A new study has found that while it is clear that masks reduce the spread of the coronavirus, it really does matter what kind of a mask a person is wearing, writes Tom Avril for The Philadelphia Inquirer.
The study performed by engineers at Florida Atlantic University used a mannequin to simulate coughing and a pump that sprayed a mixture of gelatin and water. The researchers then measured how far simulated droplets of saliva travel through different coverings.
It was determined that with no mask, droplets travel 8 feet. With single-layer bandanna from T-shirt material, droplets traveled 3 feet and 7 inches.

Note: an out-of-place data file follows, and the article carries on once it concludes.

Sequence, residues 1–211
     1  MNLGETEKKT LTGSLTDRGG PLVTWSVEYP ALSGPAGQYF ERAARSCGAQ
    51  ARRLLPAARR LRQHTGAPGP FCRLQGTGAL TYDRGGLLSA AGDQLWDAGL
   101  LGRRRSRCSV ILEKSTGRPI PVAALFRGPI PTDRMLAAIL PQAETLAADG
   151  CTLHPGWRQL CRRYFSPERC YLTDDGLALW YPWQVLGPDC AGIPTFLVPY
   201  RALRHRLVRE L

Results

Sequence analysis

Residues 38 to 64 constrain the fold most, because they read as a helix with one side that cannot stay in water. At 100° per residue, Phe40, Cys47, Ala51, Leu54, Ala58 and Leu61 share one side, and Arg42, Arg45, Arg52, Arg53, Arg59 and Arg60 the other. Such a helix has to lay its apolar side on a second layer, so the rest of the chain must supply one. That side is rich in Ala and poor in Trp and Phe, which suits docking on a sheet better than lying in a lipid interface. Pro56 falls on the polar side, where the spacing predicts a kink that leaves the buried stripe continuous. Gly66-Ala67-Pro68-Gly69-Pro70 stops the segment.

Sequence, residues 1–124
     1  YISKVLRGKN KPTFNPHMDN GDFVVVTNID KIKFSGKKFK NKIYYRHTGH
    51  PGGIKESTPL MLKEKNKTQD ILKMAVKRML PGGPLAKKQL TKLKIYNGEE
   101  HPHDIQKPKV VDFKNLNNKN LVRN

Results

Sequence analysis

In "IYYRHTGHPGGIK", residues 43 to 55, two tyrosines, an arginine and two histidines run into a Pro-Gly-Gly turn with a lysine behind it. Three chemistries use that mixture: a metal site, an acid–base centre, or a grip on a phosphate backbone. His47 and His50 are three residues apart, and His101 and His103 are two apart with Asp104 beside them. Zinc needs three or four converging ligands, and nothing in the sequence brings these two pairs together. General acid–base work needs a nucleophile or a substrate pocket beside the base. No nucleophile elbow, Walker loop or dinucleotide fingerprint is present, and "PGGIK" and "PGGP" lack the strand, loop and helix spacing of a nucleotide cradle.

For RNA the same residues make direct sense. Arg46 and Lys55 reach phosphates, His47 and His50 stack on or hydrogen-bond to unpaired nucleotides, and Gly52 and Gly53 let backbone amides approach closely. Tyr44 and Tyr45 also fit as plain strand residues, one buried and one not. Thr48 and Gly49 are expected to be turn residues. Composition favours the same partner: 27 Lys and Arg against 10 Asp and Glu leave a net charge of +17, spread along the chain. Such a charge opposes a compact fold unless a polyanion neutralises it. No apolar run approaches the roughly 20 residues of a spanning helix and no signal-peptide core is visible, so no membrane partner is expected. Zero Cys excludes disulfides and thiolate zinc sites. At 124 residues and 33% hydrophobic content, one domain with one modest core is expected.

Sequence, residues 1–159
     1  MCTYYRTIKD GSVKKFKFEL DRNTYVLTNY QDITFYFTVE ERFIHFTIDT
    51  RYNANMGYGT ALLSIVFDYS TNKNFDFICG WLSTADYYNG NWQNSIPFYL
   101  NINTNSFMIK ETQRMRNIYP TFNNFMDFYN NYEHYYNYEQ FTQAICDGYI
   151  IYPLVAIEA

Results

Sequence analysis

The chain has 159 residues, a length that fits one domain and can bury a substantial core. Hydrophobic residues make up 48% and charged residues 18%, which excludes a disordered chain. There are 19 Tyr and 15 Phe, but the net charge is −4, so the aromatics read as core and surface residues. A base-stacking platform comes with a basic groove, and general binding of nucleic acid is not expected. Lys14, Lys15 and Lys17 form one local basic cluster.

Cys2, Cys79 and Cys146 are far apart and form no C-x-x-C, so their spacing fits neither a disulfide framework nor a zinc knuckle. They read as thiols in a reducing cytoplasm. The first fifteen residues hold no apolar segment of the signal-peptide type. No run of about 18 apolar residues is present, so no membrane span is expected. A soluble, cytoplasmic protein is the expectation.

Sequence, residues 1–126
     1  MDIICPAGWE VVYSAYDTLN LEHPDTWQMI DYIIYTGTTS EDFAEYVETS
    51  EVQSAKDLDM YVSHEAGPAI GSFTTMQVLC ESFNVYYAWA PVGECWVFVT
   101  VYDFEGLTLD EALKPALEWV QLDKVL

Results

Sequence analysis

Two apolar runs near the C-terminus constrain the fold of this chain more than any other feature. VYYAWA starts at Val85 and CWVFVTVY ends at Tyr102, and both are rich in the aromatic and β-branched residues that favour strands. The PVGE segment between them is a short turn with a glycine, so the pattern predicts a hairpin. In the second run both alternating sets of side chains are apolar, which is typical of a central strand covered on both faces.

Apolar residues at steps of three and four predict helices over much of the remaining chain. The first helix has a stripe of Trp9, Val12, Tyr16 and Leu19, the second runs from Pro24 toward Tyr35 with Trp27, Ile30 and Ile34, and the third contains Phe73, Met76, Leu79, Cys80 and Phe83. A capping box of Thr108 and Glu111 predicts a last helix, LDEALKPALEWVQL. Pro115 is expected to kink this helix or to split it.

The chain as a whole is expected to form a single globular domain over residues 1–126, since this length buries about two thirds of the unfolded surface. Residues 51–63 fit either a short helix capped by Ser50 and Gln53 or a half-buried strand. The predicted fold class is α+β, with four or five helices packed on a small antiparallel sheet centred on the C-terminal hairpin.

Folded cotton handkerchief reduced this travel distance to 1 foot and three inches, while a stitched mask made of cotton quilting fabric brought the travel distance down to just 2.5 inches.
Meanwhile, with a commercial, non-hospital-grade “cone-style” mask, droplets traveled 8 inches.
The findings were consistent with what other studies have found, said Manhar R. Dhanak, one of the study authors.
He added that in addition to having a high thread count, masks should be a snug fit.
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